Bombings kill 115 in 'deadliest day' in Pakistan
A SERIES of bombings in different parts of Pakistan killed 115 people, including 81 who died in a sectarian attack on a bustling billiard hall in the southwest city of Quetta.
The blasts punctuated one of the deadliest days in recent years in Pakistan, where the government faces a bloody insurgency by Taliban militants in the northwest, and Baluch militants in the southwest.
The country is also home to many enemies of the US that Washington has frequently targeted with drone attacks.
A US missile strike yesterday killed five suspected militants in the seventh such attack in two weeks, Pakistani intelligence officials said.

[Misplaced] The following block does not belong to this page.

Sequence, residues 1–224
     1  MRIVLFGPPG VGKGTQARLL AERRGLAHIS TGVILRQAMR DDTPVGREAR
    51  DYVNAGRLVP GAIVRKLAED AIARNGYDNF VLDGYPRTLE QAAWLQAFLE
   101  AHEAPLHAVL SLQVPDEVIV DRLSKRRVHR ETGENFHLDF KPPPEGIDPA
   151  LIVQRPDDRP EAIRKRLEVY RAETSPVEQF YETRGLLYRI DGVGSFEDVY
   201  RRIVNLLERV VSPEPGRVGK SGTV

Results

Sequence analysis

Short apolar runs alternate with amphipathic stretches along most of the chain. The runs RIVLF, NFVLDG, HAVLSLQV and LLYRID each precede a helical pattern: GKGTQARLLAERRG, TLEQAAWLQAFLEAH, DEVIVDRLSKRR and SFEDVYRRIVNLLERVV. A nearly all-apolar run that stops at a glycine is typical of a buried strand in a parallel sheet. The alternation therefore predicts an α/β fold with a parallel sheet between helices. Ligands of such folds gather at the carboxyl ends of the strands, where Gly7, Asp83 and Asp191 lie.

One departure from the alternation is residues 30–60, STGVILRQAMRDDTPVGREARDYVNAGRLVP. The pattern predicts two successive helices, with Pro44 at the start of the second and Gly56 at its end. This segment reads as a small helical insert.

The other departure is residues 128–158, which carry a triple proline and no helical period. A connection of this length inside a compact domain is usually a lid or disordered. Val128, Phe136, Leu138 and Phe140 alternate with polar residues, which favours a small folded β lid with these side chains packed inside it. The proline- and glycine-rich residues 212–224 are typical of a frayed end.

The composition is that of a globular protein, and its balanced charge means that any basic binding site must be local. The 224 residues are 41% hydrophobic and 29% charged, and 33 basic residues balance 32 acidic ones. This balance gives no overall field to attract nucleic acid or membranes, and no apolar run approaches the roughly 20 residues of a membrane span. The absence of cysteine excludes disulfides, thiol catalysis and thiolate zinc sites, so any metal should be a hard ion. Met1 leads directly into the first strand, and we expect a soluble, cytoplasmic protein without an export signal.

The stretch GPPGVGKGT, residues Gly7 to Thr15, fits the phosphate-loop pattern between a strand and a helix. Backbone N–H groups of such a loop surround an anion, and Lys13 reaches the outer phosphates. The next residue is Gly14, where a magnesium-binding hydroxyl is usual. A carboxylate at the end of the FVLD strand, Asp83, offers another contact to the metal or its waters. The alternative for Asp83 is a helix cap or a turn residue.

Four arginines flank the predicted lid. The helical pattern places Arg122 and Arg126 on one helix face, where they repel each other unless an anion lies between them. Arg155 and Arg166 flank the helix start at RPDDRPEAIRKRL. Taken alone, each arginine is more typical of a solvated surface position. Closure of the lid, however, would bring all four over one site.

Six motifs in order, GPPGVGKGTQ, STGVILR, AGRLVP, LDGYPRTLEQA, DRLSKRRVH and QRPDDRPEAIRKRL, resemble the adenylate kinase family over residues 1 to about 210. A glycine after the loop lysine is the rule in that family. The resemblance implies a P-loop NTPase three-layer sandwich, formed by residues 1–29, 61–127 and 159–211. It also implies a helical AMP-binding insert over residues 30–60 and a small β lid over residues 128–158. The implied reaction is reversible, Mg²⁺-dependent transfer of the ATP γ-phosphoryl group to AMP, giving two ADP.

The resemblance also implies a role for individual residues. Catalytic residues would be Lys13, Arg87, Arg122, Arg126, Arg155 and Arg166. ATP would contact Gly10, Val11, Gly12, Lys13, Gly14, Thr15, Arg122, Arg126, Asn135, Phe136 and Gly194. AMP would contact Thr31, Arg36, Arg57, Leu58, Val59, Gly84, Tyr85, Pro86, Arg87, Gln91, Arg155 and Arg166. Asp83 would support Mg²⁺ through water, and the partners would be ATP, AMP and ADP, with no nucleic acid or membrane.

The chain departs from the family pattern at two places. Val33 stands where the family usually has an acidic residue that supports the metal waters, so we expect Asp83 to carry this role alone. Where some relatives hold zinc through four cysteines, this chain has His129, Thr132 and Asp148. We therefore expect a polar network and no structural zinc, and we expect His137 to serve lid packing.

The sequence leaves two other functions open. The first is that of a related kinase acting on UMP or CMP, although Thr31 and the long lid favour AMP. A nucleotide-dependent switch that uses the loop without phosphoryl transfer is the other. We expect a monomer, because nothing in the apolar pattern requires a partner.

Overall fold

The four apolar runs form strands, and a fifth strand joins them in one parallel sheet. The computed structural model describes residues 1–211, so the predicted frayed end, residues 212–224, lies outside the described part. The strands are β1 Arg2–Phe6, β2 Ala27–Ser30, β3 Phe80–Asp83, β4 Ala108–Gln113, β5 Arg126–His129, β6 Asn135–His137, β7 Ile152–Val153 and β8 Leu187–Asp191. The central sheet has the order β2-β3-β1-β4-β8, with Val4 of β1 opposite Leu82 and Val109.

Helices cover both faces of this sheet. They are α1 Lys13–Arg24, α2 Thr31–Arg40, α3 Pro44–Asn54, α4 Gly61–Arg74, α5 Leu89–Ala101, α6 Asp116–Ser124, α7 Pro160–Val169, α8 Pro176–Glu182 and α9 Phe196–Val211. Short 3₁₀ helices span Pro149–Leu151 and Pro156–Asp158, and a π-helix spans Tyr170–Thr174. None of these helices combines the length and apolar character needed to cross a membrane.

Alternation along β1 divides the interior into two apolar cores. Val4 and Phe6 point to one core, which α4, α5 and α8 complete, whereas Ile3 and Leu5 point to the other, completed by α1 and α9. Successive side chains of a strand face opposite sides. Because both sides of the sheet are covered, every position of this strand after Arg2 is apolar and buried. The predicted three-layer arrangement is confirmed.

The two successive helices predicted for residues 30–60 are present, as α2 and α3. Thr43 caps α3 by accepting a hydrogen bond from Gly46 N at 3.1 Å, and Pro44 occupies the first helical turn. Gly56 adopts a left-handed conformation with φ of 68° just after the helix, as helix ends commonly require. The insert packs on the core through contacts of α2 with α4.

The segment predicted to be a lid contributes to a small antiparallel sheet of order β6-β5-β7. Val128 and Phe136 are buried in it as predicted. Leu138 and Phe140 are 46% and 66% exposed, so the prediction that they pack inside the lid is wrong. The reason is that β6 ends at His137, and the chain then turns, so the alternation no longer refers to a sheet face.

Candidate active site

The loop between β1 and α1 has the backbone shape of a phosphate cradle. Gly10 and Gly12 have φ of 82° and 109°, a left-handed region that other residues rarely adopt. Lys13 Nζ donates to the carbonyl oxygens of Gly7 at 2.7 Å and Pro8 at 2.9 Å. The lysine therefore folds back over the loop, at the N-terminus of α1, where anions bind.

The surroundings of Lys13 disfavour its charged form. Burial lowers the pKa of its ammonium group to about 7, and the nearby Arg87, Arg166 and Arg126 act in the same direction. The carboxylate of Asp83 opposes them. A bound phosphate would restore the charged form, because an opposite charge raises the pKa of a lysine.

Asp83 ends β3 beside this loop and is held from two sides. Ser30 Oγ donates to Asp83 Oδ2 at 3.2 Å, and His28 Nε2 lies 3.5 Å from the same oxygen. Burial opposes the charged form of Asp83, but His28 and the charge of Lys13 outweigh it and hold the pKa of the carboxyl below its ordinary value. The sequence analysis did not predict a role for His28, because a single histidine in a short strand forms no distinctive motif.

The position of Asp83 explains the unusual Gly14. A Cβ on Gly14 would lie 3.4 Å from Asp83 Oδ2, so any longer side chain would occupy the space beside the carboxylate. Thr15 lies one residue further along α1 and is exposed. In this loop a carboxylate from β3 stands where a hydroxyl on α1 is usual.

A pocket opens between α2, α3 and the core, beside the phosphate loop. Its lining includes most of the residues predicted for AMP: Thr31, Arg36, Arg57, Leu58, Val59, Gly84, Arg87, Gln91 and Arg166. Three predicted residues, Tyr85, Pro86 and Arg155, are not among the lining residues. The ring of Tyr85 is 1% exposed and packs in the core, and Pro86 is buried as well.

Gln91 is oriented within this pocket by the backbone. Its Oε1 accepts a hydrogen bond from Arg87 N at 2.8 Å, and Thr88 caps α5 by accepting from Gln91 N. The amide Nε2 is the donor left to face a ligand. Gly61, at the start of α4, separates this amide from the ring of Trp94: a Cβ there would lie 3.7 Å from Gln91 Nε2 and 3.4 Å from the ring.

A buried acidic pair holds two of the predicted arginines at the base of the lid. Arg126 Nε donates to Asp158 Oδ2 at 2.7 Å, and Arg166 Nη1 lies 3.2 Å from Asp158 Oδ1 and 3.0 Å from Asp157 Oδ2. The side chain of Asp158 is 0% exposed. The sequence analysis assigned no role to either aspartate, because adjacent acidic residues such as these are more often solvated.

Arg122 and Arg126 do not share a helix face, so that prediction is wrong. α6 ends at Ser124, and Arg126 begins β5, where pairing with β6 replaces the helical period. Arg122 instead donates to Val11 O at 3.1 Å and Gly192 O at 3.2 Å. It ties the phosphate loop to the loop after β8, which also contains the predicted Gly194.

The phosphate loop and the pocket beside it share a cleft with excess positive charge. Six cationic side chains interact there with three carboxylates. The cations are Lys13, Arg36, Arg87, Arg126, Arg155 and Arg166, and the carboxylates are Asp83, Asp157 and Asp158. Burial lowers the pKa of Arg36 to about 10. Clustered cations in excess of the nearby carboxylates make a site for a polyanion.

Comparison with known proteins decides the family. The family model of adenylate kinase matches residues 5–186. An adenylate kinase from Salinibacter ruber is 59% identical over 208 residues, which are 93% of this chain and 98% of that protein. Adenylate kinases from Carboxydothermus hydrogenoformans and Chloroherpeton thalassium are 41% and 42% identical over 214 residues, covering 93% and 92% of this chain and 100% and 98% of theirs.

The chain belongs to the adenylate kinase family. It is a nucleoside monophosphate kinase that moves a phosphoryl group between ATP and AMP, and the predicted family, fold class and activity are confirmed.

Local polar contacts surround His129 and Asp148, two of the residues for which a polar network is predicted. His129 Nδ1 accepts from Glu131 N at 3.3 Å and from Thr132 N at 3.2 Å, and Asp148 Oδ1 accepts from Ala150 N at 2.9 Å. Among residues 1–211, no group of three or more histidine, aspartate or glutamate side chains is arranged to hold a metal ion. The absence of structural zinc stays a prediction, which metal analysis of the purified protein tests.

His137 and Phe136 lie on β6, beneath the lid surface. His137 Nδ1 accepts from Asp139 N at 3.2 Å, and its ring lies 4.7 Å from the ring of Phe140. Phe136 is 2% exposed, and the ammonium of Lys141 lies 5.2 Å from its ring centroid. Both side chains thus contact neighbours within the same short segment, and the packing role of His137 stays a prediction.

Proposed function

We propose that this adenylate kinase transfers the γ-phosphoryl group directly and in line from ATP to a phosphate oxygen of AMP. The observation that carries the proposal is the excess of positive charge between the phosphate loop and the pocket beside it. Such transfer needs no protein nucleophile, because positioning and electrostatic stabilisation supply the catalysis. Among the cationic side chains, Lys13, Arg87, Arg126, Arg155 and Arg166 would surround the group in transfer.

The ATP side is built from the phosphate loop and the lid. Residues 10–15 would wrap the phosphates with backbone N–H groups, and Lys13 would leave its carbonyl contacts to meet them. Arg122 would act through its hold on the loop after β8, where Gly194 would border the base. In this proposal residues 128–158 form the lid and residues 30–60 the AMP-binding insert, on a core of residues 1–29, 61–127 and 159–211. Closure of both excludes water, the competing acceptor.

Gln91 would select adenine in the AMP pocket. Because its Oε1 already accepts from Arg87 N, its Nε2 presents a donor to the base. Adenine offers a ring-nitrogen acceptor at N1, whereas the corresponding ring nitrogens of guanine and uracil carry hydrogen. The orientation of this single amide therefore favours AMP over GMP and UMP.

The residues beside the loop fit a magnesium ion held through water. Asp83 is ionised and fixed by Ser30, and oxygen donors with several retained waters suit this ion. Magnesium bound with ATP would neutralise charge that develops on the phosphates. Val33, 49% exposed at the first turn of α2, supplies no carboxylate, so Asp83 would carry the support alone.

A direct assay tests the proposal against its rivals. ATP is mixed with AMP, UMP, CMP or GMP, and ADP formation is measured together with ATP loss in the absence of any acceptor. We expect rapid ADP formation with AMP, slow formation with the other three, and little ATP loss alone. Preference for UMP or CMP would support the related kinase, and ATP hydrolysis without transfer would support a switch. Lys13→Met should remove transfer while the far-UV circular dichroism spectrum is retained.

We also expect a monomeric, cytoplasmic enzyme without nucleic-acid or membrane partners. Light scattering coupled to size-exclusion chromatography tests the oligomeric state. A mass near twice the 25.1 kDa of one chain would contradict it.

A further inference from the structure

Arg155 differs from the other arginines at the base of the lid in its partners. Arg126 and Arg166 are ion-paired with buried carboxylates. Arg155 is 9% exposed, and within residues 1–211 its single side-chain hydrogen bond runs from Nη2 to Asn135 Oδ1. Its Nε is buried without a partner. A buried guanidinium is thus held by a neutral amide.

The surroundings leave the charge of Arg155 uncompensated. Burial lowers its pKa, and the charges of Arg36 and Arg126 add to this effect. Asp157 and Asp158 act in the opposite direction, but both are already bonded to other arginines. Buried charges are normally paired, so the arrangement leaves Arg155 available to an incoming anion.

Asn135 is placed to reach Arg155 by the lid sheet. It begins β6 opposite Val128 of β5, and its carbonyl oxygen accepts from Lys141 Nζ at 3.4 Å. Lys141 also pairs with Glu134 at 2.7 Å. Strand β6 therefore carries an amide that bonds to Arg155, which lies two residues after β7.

The billiard hall in Quetta, the capital of Baluchistan province, was hit by twin blasts about five minutes apart, killing 81 people and wounding more than 120 others, said senior police officer Zubair Mehmood.
The billiard hall was located in an area dominated by Shiite Muslims, and most of the dead and wounded were from the minority sect, said another police officer, Mohammed Murtaza.
The sectarian militant group Lashkar-e-Jhangvi claimed responsibility for the attack.
Earlier in the day, a bomb targeting paramilitary soldiers in a commercial area in Quetta killed 12 people and wounded more than 40 others, said Shakeel, the senior police officer.
The United Baluch Army, a separatist group, claimed responsibility for the attack.
Elsewhere in Pakistan, a bomb in a crowded Sunni mosque in the northwest city of Mingora killed 22 people and wounded more than 70, said senior police officer Akhtar Hayyat.
No group claimed responsibility for the attack.